The First Astronomers

The ziggurats are the pyramids of Mesopotamia (modern day Iraq). In the past every ziggurat was topped by a temple. Being the closest thing to heaven, it became the place where priests contacted the gods.The ziggurat shown is from the ancient city of Ur and is dramatic in size, being as high as a thirty storied building.

The top of the ziggurats were also ideal for astronomical observations, since it gave an unobstructed view of heavens. The priest believed that the positions of the heavenly bodies contained information about the will of the gods and the study of the night sky therefore became one of their most important tasks. These priests, therefore, were rightly believed to be the first professional astronomers. They discovered all the planets visible to the naked eye.

The Venus Tablet

When the Babylonians took over Mesopotamia around 1900 BC, the astronomical research intensified. From this era we have the world's oldest known astrological text: the Venus Tablet of Ammisaduqa, dating from around the 17th century BC.

It is a systematic compilation of omens drawn from the dates on which Venus first and last appeared above the horizon over the course of 21 years. The text contains predictions about floods, the availability of food, the outcomes of wars and so on. For example: 'In month Arahsamna, 11th day, Venus disappeared in the east. Two months ... days it stayed away in the sky. In month Tebeti, day, Venus became visible in the west: the harvest of the land will prosper.'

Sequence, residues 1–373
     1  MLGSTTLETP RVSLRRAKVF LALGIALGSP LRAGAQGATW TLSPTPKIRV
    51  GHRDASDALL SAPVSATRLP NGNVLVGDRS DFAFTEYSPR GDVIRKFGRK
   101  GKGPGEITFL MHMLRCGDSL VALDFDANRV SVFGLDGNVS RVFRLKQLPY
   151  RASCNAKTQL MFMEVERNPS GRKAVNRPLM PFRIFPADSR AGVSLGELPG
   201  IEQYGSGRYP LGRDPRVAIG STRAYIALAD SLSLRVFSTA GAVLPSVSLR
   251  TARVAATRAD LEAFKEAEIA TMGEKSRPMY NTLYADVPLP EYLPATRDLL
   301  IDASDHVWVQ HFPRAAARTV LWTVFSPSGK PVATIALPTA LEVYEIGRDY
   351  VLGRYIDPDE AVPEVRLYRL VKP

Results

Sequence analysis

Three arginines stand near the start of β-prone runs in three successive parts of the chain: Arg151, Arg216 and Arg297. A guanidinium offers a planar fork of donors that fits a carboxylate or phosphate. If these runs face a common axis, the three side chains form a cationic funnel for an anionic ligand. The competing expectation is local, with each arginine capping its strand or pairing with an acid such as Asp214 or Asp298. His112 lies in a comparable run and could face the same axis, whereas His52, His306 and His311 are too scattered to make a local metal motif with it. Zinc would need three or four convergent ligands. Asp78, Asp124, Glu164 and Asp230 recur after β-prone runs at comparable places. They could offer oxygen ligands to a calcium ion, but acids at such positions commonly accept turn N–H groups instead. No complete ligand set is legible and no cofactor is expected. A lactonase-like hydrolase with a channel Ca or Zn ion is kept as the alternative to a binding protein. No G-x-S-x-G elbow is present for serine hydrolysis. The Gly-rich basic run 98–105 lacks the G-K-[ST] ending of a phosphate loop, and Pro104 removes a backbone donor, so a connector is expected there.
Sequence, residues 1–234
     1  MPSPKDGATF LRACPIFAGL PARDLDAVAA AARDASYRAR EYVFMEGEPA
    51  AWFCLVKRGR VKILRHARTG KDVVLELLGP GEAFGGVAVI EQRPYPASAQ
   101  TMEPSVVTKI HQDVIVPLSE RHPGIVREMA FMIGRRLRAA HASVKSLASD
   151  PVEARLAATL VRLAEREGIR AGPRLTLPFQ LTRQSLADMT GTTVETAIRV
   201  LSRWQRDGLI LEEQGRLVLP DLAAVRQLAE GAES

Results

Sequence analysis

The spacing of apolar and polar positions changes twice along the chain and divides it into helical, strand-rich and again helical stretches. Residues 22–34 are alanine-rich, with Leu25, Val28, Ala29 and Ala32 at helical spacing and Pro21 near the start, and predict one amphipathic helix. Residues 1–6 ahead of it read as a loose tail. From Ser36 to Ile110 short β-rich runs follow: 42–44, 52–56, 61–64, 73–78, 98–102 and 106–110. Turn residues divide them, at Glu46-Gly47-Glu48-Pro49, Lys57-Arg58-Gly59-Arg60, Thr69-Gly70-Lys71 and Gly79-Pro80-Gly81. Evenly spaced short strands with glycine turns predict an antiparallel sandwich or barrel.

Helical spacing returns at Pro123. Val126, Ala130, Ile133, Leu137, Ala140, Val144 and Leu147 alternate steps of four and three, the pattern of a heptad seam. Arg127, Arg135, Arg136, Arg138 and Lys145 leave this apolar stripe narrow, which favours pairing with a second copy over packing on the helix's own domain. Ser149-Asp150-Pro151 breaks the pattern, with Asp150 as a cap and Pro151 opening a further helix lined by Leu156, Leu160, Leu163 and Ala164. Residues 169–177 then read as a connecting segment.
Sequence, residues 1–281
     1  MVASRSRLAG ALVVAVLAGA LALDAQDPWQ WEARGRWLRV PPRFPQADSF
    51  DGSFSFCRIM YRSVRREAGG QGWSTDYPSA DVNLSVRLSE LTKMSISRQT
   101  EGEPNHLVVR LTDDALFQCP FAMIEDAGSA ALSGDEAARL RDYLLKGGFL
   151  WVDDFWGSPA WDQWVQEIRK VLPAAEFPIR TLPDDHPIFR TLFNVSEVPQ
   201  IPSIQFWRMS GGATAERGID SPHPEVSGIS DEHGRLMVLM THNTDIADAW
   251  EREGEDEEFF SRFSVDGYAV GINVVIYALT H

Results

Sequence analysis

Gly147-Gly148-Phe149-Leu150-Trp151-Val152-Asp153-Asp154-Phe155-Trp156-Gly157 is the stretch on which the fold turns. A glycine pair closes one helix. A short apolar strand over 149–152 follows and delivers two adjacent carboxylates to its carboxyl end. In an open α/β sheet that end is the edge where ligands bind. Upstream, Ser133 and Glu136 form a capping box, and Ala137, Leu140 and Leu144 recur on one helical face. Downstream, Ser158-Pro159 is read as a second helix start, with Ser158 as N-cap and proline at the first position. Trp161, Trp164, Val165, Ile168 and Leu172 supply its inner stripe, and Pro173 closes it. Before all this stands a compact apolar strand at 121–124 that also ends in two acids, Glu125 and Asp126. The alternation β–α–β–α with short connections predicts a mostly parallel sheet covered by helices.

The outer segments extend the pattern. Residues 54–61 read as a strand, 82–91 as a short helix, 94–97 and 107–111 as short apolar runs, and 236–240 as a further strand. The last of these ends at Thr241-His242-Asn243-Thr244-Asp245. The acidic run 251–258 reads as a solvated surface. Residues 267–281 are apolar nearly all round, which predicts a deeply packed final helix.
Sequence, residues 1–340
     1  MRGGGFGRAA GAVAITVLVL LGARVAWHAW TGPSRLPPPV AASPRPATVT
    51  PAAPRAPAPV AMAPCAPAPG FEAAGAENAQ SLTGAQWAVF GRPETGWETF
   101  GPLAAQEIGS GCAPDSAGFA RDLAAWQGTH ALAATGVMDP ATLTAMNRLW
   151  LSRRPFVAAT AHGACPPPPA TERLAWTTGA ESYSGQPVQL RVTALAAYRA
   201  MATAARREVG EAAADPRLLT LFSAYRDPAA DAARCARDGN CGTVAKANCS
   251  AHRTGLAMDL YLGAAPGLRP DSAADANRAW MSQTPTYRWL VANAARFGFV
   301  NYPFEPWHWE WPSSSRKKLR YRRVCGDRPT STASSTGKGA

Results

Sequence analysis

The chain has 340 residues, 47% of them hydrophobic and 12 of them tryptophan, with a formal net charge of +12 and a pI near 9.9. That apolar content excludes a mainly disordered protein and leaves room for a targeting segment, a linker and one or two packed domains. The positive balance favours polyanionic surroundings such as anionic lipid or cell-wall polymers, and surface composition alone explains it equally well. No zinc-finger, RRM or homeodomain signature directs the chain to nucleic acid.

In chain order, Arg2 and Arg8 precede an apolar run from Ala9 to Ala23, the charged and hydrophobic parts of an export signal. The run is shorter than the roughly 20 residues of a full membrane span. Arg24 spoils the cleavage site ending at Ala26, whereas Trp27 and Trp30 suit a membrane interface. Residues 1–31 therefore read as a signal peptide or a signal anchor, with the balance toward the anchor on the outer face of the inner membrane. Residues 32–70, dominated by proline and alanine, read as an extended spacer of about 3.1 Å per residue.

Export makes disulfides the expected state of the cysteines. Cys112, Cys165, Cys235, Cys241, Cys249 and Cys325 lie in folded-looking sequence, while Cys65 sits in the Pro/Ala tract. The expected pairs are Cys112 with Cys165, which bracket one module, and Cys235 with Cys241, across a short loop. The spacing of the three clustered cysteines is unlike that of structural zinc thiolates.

Mesopotamian Astronomy

Mesopotamian artist were obsessed by the astronomical discoveries of their day. The image above shows the pointed "star" Venus, the winged sun, the crescent moon and the 7 stars of the Pleiades star system (look it up at night. 7 stars closely grouped together).

The Book of Heaven

The Mesopotamian astronomers went way beyond just discovering the planets. They also traced their movement and discovered they followed predictable periodic paths. It isn't surprising that these astronomers soon hypothesized that the motion of the planets was governed by laws that were set in motion by the gods. The idea arose of a divine cosmic order established by the gods. Even the king was simply a 'servant' to these laws.

The purpose of life on Earth subsequently became to live in accordance with this order. To know how the humans were to serve the gods, it was therefore necessary to read the stars. This is why they called the night sky the Shitir Shame (the Book of Heaven).